Chames v. Demayo

Decision Date20 December 2007
Docket NumberNo. SC06-1671.,No. SC06-2187.,SC06-1671.,SC06-2187.
Citation972 So.2d 850
PartiesDeborah CHAMES, et al., Petitioners, v. Henry DeMAYO, Respondent. Henry DeMayo, Petitioner, v. Deborah Chames, et al., Respondents.
CourtFlorida Supreme Court

Section of The Florida Bar; Louis F. Hubener, Acting Solicitor General, Lynn C. Hearn, Deputy Solicitor General and Jenna L. Reynolds, Assistant Attorney General, Tallahassee, FL, on behalf of Bill McCollum, Attorney General; and Paul Steven Singerman, Ilyse M. Home, and Paul A. Avron of Berger Singerman, PA., Miami, FL, as Amici Curiae.


Like many states, Florida protects homeowners' residences from forced sale except in limited circumstances. The exemption is contained in article X, section 4(a)(1) of the Florida Constitution. While the exemption can be waived in a mortgage, for over a hundred years we have held that it cannot be waived in an unsecured agreement. See Carter's Adm'rs v. Carter, 20 Fla. 558 (1884);. Sherbill v. Miller Mfg. Co., 89 So.2d 28, 31 (Fla.1956). In these consolidated cases, an unsecured creditor (an attorney who is owed fees under a retainer agreement) asks us to recede from our precedent based on three subsequent developments: an amendment to our constitution; a purported national trend approving such waivers; and our recent holdings that other constitutional rights can be waived. In short, we do not interpret the constitutional amendment as approving waivers of the homestead exemption; we discern no trend approving such waivers (and in fact have discovered the opposite); and permitting a waiver of the homestead exemption in a mortgage but not in an unsecured agreement is consistent with our cases allowing waivers of constitutional rights, but requiring them to be knowing, intelligent, and voluntary. We therefore decline to recede from our prior decisions.


Henry DeMayo, who is divorced, sought to modify his child support obligations and abate his alimony payments. For that purpose, he retained Deborah Chames and her law firm, Heller & Chames, PA. (collectively "Chames"). He signed a sixpage, single-spaced retainer agreement that contained the following provision on page four:

It is specifically agreed that Heller and Chames, P.A. shall have and is hereby granted all general, possessory and retaining liens and all equitable, special and attorney's charging liens upon the client's interests in any and all real and personal property within the jurisdiction of the court for any balance due, owing and unpaid as well as a lien in any recovery whether by settlement or trial; and such lien or liens shall be superior to any other lien subsequent to the date hereof and that the client hereby knowingly, Voluntarily and intelligently waives his rights to assert his homestead exemption in the event a charging lien is obtained to secure the balance of attorney's fees and costs.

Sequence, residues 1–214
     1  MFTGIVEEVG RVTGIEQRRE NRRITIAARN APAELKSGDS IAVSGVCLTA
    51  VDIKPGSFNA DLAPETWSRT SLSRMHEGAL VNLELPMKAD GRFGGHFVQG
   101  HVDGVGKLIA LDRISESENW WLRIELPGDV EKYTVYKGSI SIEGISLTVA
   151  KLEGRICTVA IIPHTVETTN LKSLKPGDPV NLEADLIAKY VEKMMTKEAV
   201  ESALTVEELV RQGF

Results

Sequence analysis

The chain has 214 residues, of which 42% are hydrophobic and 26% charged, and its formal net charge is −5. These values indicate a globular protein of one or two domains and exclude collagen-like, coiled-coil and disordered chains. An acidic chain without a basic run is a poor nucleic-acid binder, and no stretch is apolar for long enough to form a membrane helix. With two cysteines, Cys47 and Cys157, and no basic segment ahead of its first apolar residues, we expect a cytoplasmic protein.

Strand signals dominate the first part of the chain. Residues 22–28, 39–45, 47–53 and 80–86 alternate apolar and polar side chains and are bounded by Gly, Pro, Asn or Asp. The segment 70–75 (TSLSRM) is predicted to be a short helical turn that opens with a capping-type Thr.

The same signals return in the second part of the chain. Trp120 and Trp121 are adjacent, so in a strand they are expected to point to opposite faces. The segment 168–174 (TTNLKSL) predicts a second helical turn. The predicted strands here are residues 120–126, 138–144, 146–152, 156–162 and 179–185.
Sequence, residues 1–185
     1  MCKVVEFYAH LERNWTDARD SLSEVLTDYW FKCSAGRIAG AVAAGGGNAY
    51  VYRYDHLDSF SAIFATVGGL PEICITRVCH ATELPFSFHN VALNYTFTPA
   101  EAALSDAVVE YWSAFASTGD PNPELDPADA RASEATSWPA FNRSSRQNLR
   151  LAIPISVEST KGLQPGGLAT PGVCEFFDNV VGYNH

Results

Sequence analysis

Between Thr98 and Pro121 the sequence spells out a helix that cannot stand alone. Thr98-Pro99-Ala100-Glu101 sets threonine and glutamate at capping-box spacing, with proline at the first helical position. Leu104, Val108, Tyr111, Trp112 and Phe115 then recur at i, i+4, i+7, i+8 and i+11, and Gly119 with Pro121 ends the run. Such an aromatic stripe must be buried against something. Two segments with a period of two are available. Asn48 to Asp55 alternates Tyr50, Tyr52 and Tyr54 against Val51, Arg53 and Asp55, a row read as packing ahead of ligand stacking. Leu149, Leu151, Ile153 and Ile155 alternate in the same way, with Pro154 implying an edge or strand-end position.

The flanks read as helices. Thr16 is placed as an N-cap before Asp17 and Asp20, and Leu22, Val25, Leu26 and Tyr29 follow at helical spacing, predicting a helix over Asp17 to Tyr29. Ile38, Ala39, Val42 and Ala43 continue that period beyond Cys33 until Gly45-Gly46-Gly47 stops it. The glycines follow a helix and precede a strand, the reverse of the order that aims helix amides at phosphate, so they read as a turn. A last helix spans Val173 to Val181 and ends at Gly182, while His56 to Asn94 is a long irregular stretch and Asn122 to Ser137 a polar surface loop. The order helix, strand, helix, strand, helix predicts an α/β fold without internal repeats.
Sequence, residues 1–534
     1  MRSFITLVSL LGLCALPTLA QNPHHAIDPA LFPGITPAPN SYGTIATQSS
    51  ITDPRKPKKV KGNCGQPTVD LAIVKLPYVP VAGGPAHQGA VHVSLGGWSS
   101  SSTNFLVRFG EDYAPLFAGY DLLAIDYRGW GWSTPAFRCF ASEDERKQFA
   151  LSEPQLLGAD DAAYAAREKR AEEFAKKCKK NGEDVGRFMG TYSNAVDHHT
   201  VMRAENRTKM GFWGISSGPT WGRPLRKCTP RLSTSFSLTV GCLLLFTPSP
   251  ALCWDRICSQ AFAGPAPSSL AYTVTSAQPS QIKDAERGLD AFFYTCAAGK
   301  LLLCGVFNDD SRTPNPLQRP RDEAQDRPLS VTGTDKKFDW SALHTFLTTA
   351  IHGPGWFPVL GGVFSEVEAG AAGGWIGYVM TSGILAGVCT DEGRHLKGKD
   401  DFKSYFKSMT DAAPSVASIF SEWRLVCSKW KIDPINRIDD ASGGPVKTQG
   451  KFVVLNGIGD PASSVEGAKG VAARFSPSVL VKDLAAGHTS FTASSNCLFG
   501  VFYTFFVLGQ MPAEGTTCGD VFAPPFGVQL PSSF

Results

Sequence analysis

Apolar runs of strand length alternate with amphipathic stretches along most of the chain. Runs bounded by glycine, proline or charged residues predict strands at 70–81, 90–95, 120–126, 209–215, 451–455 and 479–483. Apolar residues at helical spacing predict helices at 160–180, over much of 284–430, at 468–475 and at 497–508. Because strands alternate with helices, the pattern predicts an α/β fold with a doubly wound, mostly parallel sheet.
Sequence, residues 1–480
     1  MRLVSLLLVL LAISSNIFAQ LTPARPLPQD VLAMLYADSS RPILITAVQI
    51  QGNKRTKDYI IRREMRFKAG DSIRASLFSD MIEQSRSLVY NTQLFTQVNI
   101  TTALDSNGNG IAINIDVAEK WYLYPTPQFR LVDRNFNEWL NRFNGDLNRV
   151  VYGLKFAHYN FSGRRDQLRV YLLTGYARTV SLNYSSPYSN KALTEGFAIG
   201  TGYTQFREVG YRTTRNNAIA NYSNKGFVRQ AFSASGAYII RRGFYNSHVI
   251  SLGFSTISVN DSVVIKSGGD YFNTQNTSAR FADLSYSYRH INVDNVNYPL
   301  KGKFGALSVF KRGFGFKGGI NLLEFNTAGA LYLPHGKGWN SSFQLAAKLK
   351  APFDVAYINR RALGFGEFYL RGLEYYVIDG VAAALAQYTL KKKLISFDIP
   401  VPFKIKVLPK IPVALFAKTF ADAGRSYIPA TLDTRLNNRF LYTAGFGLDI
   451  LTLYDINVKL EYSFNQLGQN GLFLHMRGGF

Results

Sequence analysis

DeMayo v. Chames, 934 So.2d 548, 549 (Fla. 3d DCA 2006) (emphasis added). Chames ultimately withdrew from representation, and obtained a charging lien and final judgment against DeMayo for $33,206.76. The trial court applied the lien to DeMayo's home.

DeMayo appealed to the Third District Court of Appeal. He argued, among other things, that his waiver of the homestead exemption in the retainer agreement was invalid, and therefore the trial court could not impose the lien on his home. In a plurality opinion, the district court reversed on that issue, finding the waiver invalid, but it affirmed "in all other respects." See DeMayo, 934 So.2d at 551. Two judges (a majority of the panel) concurred in the result, recognizing our precedent but noting that they would hold otherwise if "writing on a blank slate." Id. at 555 (Shepherd, J., concurring). The concurring opinion certified a question of great public importance. Id.1 Both parties sought review in this Court, and we accepted jurisdiction. See art. V, § 3(b)(4), Fla. Const.; Chames v. DeMayo, 937 So.2d 122 (Fla.2006) (accepting jurisdiction); DeMayo v. Chames, 948 So.2d 758 (Fla.2007) (accepting jurisdiction). We rephrase the question as follows: Should this Court recede from longstanding precedent holding that the Florida Constitution's exemption from forced sale of a homestead cannot be waived? For reasons we explain below, we answer the question "no" and approve the result below. We continue to hold that a waiver of the homestead exemption in an unsecured agreement is unenforceable.2


The homestead exemption has been enshrined in our state constitution for over a hundred years. The exemption itself reads as follows:

(a) There shall be exempt from forced sale under process of any court, and no judgment, decree or execution shall be a lien thereon, except for the payment of taxes and assessments thereon, obligations contracted for the purchase, improvement or repair thereof, or obligations contracted for house, field or other labor performed on the realty, the following property owned by a natural person: